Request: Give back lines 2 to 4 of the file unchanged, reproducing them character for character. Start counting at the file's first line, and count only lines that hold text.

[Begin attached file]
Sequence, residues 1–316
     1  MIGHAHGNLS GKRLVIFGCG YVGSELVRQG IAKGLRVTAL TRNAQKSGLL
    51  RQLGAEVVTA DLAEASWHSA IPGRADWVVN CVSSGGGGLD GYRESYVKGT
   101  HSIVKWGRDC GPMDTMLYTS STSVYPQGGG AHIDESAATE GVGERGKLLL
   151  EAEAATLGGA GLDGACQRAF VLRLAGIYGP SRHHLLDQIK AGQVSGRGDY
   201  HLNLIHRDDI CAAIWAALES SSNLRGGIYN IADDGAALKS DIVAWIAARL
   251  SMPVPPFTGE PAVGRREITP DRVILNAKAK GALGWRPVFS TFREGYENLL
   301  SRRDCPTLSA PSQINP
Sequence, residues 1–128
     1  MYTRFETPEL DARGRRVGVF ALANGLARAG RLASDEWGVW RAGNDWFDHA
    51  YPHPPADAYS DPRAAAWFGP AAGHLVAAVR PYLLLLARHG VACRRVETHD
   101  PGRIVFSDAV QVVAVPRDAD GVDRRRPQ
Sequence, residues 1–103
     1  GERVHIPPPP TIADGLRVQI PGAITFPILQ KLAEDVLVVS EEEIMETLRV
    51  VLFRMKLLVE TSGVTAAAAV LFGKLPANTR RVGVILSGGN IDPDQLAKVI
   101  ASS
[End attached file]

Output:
     1  MIGHAHGNLS GKRLVIFGCG YVGSELVRQG IAKGLRVTAL TRNAQKSGLL
    51  RQLGAEVVTA DLAEASWHSA IPGRADWVVN CVSSGGGGLD GYRESYVKGT
   101  HSIVKWGRDC GPMDTMLYTS STSVYPQGGG AHIDESAATE GVGERGKLLL